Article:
Friday, 7 February 2020

The Fear of Living Dangerously (or "Who's afraid of the Big Bad Wu(han) virus?")

The 2019-nCoV is known as the Wuhan virus.

And as for "who's afraid of the Wuhan virus?". The answer is, Singaporeans. And everyone else.

Shouldn't we be afraid?

Yes and no.

Just how dangerous is the Wuhan virus?

That depends on how you define "dangerous".

If you take a single factor, say fatality, and compare it, the fatality of the Wuhan virus is about 3%.

That is, of 100 persons infected, 3 will die.

Is that high?

Well, SARS had a fatality of about 10%. And that is considered high.

And the seasonal flu has a fatality of about 0.1%, which because of the endemic nature of the seasonal flu, is something that we have gotten used to. Though some people may be surprised to know that there are people who die from the "common" flu.

The seasonal flu affects LOTS of people - millions. And in the US, it is expected that 8000 people or more will die from the flu this year.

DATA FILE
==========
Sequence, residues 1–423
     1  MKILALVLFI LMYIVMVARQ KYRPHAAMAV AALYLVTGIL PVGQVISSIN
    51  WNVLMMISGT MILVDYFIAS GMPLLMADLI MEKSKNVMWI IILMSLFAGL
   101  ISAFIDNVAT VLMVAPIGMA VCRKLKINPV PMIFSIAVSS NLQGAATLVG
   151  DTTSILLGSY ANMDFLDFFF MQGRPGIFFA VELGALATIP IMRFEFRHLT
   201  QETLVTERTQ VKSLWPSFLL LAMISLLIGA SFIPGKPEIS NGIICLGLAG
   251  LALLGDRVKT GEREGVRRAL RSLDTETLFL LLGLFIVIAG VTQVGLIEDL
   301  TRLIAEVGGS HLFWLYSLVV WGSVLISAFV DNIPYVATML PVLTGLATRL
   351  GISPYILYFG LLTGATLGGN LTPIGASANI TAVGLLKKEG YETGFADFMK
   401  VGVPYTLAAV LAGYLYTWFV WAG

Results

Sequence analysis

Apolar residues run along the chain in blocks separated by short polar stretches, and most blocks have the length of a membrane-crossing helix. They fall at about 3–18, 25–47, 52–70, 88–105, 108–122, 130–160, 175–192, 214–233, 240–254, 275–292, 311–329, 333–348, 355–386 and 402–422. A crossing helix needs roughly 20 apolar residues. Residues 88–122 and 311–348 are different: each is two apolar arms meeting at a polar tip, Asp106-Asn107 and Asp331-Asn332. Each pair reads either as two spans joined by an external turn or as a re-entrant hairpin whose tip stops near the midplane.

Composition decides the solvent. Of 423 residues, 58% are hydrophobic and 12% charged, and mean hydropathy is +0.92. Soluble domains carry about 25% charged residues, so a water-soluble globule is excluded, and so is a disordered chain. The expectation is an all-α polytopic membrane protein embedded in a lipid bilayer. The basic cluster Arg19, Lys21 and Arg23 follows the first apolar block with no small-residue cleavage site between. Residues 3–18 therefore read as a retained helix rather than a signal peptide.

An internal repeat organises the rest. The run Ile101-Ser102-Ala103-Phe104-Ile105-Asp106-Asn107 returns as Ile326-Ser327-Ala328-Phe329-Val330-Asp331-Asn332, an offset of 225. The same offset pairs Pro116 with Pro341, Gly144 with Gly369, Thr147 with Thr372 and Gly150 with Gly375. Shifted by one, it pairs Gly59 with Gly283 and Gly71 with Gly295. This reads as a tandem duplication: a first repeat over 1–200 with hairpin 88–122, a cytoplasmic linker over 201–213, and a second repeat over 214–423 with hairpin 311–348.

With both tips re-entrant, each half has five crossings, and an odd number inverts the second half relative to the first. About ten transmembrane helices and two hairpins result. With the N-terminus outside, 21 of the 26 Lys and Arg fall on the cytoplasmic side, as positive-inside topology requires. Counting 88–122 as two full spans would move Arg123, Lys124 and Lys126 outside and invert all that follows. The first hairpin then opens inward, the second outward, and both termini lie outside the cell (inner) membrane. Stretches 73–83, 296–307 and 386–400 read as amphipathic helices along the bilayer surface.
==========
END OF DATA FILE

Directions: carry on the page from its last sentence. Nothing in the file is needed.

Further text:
So far the Wuhan virus has killed about 600 people. And infected about 30,000 people (figures are rounded up at the time of this writing. It will probably go up. Here is the website.).

The point is using a single factor like fatality (or death rate) is not helpful.

This video provides some factual, unsensationalised information:

Firstly, the transmissibility (or infectiousness) of the Wuhan virus is about 2. That means each person with the wuhan virus might on average infect two other persons. Is this high? Well, measles has a transmissibility of about 15. Seasonal flu has a transmissibility of about 1.

So the Wuhan virus is (probably) more infectious than flu.

And part of the reason seems to be that the Wuhan virus may be transmissible pre-symptomatic. That is, before you have symptoms of the illness, you can infect others.

[Edit: It may not be completely asymptomatic. There may be some mild or non-specific symptoms. But it may be so mild that some infected may simply ignore it.]

Which is troubling, and one of the reason why this virus has been harder to contain than SARS.

And why face masks are not going to be effective.

Singaporeans are rushing to buy and stock up on masks. It's not going to help. Not the way Singaporeans are hoping though: